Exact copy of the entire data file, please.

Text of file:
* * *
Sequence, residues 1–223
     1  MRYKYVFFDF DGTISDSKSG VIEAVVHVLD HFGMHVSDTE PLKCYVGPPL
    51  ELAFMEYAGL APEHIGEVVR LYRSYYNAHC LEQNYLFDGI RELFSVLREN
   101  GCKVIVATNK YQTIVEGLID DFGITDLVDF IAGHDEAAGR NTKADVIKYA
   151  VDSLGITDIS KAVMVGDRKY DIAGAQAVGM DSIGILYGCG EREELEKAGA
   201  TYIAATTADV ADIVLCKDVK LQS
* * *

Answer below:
Sequence, residues 1–223
     1  MRYKYVFFDF DGTISDSKSG VIEAVVHVLD HFGMHVSDTE PLKCYVGPPL
    51  ELAFMEYAGL APEHIGEVVR LYRSYYNAHC LEQNYLFDGI RELFSVLREN
   101  GCKVIVATNK YQTIVEGLID DFGITDLVDF IAGHDEAAGR NTKADVIKYA
   151  VDSLGITDIS KAVMVGDRKY DIAGAQAVGM DSIGILYGCG EREELEKAGA
   201  TYIAATTADV ADIVLCKDVK LQS